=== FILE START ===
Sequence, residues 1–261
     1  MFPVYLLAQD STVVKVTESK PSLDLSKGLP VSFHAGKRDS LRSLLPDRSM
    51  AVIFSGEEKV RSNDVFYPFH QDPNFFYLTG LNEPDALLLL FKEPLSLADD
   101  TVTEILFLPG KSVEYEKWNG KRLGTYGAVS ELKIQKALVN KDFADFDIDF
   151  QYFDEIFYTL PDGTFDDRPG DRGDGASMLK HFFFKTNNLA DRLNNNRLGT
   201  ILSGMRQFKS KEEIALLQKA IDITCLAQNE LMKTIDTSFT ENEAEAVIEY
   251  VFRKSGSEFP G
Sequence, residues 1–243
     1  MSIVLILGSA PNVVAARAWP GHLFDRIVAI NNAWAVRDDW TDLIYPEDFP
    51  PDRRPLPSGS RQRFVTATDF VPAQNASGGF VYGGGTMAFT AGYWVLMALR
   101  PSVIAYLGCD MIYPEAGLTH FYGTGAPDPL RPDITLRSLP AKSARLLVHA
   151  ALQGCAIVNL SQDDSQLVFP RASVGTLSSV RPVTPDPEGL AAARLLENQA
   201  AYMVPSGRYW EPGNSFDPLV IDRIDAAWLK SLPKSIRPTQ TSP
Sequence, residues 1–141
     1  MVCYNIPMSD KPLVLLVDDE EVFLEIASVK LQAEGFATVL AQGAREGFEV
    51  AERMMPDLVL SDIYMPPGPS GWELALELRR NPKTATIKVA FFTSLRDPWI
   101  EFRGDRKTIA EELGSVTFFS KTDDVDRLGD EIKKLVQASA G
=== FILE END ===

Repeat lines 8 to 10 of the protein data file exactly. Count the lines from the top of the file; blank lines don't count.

Sequence, residues 1–243
     1  MSIVLILGSA PNVVAARAWP GHLFDRIVAI NNAWAVRDDW TDLIYPEDFP
    51  PDRRPLPSGS RQRFVTATDF VPAQNASGGF VYGGGTMAFT AGYWVLMALR